Give Me a Crash Course in... David Cameron’s autobiography

Who is David Cameron, and what does his book say about Brexit, Boris and Enda Kenny?

Brexit aftermath: David Cameron leaves Downing Street with his wife, Samantha, on July 13th, 2016, his final day as UK prime minister. Photograph: Christopher Furlong/Getty

Brexit aftermath: David Cameron leaves Downing Street with his wife, Samantha, on July 13th, 2016, his final day as UK prime minister. Photograph: Christopher Furlong/Getty

 

Who is David Cameron?

He used to be one of the British Conservative Party’s most successful leaders since the second World War, restoring it to government in 2010 and winning its first parliamentary majority in more than two decades five years later. But he is now remembered as the prime minister who called a referendum in 2016 on the United Kingdom’s membership of the European Union – and lost it.

So is it all his fault?

Many people think so, and Remainers blame him for putting the question to voters without allowing them enough time to be fully informed about the consequences. Brexiteers blame him for campaigning to remain in the EU by warning of dire economic consequences in what they called Project Fear.

Why is he in the news?

His autobiography, For the Record, was published this week, accompanied by a flurry of broadcast interviews and a television documentary. The 700-page book took him three years to write, and he initially planned to wait until after Britain left the EU before publishing it. But Brexit has taken so long that his publisher lost patience.

BREXIT: The Facts

Read them here

Is he sorry for his role in Brexit?

Not really. He regrets losing the referendum but doesn’t apologise for calling it, because it was inevitable, he claims, that the UK would have to make a decision about its future in the EU. He says he thinks every day about his responsibility for the divisions Brexit has opened in British society. And he rejects the charge that he walked away from his responsibility when he resigned as prime minister the day after the referendum, claiming that his role in the Remain campaign meant he was the wrong person to lead the UK out of the EU.

Mind your back: David Cameron with Boris Johnson, his eventual successor as British prime minister, in 2015. Photograph: Jack Taylor/AFP/Getty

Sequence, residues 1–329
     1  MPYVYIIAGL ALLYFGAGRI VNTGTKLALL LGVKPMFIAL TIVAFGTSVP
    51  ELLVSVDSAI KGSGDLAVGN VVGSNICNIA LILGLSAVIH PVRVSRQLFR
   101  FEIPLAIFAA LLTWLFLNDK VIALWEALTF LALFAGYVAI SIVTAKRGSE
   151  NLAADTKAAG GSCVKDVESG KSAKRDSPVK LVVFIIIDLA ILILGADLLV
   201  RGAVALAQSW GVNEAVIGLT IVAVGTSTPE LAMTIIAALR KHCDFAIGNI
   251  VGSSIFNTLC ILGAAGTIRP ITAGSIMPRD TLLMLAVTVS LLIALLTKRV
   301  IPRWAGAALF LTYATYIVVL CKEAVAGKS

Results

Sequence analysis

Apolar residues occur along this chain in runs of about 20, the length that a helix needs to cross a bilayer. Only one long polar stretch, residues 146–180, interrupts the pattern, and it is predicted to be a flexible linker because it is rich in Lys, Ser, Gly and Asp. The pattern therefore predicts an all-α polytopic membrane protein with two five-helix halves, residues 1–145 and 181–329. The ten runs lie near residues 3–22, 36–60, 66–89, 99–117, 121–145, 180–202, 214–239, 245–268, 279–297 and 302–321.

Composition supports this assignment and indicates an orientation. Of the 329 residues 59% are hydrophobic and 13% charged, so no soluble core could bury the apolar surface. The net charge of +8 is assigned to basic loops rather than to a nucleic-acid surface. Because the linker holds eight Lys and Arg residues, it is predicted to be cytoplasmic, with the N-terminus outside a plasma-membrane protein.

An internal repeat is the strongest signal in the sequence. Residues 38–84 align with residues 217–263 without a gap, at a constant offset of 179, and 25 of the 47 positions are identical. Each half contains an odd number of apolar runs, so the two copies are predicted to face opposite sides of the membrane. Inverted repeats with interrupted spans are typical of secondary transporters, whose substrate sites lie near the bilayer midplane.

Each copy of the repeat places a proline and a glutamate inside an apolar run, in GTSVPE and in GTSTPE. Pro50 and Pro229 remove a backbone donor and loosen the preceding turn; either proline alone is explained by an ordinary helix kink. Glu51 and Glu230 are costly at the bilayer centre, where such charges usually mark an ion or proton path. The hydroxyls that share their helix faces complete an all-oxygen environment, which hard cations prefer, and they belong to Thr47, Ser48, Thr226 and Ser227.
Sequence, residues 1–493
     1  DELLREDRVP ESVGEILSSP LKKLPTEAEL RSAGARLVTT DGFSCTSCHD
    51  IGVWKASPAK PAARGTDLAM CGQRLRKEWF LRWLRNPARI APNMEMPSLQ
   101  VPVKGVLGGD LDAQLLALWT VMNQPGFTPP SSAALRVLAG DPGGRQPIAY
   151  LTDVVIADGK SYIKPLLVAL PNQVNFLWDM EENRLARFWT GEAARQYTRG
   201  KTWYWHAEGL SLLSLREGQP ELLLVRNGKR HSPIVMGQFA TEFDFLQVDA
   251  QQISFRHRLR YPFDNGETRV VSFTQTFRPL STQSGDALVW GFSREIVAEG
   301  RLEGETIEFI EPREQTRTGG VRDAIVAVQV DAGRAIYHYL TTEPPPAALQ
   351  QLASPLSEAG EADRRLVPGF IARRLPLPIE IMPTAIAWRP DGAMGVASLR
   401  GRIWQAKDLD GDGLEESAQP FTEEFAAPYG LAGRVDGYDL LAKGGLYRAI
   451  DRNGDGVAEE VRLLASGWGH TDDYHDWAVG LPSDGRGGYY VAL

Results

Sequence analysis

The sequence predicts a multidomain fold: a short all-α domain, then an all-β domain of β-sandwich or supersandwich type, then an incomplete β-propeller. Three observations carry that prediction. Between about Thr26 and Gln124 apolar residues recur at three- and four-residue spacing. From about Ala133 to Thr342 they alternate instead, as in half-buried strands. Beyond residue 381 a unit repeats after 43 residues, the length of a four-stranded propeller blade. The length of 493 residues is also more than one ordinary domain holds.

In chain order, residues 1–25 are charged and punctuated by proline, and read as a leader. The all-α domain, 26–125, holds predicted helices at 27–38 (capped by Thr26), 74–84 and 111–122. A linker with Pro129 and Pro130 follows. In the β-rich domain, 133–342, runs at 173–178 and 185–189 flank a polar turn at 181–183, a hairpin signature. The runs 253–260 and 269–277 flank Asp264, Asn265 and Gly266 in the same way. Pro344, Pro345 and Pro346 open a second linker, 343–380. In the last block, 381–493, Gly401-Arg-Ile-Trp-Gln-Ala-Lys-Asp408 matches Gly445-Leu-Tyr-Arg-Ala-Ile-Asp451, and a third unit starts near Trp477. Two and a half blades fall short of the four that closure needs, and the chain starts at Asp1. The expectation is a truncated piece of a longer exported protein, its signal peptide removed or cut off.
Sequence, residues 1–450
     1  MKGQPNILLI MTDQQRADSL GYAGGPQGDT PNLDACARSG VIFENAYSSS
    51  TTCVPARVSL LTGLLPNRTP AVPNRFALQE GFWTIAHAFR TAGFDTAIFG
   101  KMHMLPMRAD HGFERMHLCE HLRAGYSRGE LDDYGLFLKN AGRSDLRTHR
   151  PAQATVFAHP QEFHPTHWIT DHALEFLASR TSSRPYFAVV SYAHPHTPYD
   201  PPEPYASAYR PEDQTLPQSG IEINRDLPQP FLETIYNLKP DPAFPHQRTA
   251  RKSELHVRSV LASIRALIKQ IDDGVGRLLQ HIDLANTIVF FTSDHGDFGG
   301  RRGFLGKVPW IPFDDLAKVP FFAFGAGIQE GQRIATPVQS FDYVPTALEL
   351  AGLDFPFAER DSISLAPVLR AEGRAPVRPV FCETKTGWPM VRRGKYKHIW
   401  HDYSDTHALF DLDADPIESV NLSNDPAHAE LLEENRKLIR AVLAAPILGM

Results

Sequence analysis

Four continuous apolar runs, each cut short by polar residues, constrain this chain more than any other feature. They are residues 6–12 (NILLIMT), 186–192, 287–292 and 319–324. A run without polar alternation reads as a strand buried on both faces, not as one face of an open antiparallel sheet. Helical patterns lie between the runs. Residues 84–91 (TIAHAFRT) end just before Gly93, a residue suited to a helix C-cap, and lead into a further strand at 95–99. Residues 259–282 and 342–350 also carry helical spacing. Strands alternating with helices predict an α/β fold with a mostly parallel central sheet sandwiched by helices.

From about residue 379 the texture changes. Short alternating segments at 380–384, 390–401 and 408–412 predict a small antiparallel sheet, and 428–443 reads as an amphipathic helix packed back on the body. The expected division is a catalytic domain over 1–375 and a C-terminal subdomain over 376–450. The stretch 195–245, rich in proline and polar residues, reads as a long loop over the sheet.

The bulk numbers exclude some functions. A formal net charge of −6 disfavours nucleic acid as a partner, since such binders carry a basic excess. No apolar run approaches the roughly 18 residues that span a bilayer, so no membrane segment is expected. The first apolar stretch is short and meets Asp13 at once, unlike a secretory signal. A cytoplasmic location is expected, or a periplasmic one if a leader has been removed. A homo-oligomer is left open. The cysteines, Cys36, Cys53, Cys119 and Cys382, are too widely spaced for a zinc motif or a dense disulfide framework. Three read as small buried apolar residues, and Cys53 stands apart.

Mind your back: David Cameron with Boris Johnson, his eventual successor as British prime minister, in 2015. Photograph: Jack Taylor/AFP/Getty

Does the book settle any old scores?

Cameron says that Boris Johnson, who was mayor of London and a recently re-elected MP at the time of the referendum campaign, didn’t believe in Brexit and only backed the Vote Leave side to advance his political career. And he accuses Michael Gove, his secretary of state for justice at the time, and now the minister responsible for the UK’s no-deal Brexit preparations, of dishonesty and of becoming a “foam-flecked Faragist” during the campaign.

“By the end, Boris and Michael seemed to me to be different people. Boris had backed something he didn’t believe in. Michael had backed something he did perhaps believe in, but in the process had broken with his friends,” he writes. “Both then behaved appallingly, attacking their own government, turning a blind eye to their side’s unpleasant actions and becoming ambassadors for the expert-trashing, truth-twisting age of populism.”

Political allies: David Cameron with Taoiseach Enda Kenny at 10 Downing Street in 2011. Photograph: Peter Macdiarmid/WPA Pool/Getty
Political allies: David Cameron with Taoiseach Enda Kenny at 10 Downing Street in 2011. Photograph: Peter Macdiarmid/WPA Pool/Getty

Who emerges well out of the memoir?

Enda Kenny, for one. Cameron praises the former taoiseach’s handling of the 2008 banking crisis and his approach to British-Irish relations. “Enda Kenny acted fast to cut spending, raise taxes and address the banking problems. It was brave, it averted any Greek-style collapse, and it showed that if you take tough decisions your economy can recover quickly,” he writes. “Enda and I got on well, and our relationship would culminate when he became my staunchest supporter during the European negotiations.”

Why is Queen Elizabeth annoyed with him?

Cameron revealed this week that in the run-up to the 2014 referendum on Scottish independence he asked Queen Elizabeth’s private secretary if the monarch could help the campaign to keep Scotland in the United Kingdom with a “raising of an eyebrow – even, you know, a quarter of an inch”. A few days later the queen told a well-wisher near her Scottish retreat, at Balmoral, who asked about the vote that she hoped people would “think very carefully about the future”. Buckingham Palace made clear its “displeasure and annoyance” at the former prime minister for making public the details of private conversations involving the queen.

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